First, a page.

Obama opts for virtual colonoscopy; CMS covers traditional only
■ It's time Medicare started covering CT colonography, radiologists say.
Washington -- If a virtual colonoscopy is an appropriate screening tool for arguably the most important patient U.S. Navy physicians will see all year, then shouldn't it be good enough for Grandma and Grandpa?
That's what radiologists have been saying since President Obama on Feb. 28 received his first routine physical exam as commander-in-chief at the National Naval Medical Center in Bethesda, Md. During the exam, Obama received a virtual colonoscopy, also known as a CT colonography. But administration officials at the Centers for Medicare & Medicaid Services last year denied coverage of the same exam for Medicare beneficiaries, limiting access to a screening that advocates say is as accurate as a standard colonoscopy and much less invasive for the patient.
"We are pleased that the president is in good health and that he and his doctors have embraced CT colonography's ability to accurately detect colorectal cancer," said Judy Yee, MD, chair of the American College of Radiology's Colon Cancer Committee. "The fact that the leader of the free world has chosen to be screened with this exam is a testament that CTC works as a front-line colorectal cancer screening."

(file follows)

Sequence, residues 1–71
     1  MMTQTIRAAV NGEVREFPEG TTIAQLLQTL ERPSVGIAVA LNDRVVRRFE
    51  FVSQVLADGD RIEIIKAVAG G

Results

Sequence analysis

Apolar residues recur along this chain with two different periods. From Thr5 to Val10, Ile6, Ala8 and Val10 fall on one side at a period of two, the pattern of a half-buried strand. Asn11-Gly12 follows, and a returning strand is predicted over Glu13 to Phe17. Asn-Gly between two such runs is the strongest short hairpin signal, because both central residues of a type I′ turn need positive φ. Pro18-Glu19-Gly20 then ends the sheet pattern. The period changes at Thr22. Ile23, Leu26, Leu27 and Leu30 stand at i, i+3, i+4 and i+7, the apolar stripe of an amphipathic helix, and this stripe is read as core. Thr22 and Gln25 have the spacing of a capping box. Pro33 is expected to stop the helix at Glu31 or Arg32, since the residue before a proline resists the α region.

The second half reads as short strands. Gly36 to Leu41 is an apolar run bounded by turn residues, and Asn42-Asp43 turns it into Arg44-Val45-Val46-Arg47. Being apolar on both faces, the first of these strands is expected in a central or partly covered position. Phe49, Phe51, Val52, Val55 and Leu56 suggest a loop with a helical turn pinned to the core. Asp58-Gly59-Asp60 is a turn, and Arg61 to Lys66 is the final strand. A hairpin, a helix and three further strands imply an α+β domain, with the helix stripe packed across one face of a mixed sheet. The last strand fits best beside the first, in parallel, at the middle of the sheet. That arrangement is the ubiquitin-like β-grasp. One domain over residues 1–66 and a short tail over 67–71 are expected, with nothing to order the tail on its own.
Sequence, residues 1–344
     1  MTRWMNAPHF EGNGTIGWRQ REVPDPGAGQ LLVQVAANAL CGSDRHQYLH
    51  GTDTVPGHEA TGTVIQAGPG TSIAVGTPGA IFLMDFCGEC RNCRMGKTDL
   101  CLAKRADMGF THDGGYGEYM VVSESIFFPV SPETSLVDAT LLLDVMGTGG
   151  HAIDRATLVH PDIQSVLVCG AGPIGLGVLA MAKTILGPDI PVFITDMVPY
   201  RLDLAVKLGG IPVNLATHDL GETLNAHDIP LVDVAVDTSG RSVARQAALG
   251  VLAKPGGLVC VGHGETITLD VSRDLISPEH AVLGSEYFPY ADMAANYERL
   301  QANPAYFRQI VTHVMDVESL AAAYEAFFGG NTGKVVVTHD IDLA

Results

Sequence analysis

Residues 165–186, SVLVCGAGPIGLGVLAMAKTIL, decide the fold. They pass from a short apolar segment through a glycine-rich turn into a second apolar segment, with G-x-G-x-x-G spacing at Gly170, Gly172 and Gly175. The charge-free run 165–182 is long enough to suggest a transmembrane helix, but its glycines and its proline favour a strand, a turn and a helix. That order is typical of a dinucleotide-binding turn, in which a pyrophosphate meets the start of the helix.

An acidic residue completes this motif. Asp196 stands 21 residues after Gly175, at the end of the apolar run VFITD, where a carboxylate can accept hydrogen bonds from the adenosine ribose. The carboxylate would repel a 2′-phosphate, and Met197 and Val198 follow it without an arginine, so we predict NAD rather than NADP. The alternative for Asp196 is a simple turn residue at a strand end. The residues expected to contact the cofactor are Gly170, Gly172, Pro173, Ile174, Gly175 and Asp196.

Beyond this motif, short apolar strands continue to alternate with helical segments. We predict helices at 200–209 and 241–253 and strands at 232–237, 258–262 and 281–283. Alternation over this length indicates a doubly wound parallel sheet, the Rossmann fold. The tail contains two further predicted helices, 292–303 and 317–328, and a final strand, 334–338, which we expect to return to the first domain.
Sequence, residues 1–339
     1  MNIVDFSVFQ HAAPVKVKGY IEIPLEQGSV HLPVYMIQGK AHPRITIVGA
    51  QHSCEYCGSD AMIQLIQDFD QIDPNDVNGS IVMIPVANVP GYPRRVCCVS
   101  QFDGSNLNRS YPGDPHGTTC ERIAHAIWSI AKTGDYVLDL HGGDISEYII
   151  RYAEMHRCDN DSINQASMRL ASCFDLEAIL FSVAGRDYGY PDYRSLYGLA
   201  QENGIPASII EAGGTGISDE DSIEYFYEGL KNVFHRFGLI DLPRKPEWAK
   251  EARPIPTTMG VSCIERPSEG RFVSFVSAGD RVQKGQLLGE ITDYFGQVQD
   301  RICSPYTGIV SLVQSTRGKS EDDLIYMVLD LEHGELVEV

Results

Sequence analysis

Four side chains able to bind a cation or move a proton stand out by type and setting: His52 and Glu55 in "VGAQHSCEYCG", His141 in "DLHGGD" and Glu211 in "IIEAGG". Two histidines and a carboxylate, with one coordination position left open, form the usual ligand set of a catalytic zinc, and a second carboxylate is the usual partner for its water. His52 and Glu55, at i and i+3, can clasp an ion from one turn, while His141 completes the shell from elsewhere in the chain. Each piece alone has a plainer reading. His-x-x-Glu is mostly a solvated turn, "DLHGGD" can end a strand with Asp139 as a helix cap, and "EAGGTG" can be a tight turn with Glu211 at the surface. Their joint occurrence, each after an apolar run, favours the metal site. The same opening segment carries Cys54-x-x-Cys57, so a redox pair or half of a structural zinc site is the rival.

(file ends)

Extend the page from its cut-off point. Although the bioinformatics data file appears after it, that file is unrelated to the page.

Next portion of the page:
Many health insurers, including Cigna, UnitedHealthcare, and Anthem BlueCross and BlueShield, now cover CT colonography exams for their beneficiaries, the ACR pointed out in a March 2 letter to the president.
Colorectal cancer is the third most common cancer diagnosed in the U.S. and the second-leading cause of cancer death, despite having a 90% cure rate when detected early. Fewer than half of those age 50 and older who should be screened for the disease opt to receive the traditional exams currently covered by Medicare, but that could change if the alternative treatment were covered, the college stated.
CT colonography does not require sedation, and it uses x-ray technology to create three-dimensional, fly-through images of the colorectal structure. In a final coverage decision in May 2009, CMS stated there wasn't enough evidence to demonstrate that it's an appropriate screening test, and it cited studies showing that the technology is less effective at early detection of certain kinds of polyps.
A memo outlining the results of Obama's examination is available online (link).